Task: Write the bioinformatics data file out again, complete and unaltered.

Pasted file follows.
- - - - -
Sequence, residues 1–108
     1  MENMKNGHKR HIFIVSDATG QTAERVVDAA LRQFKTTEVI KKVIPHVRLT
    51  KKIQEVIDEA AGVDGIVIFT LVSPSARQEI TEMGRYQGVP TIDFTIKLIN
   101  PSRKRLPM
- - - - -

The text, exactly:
Sequence, residues 1–108
     1  MENMKNGHKR HIFIVSDATG QTAERVVDAA LRQFKTTEVI KKVIPHVRLT
    51  KKIQEVIDEA AGVDGIVIFT LVSPSARQEI TEMGRYQGVP TIDFTIKLIN
   101  PSRKRLPM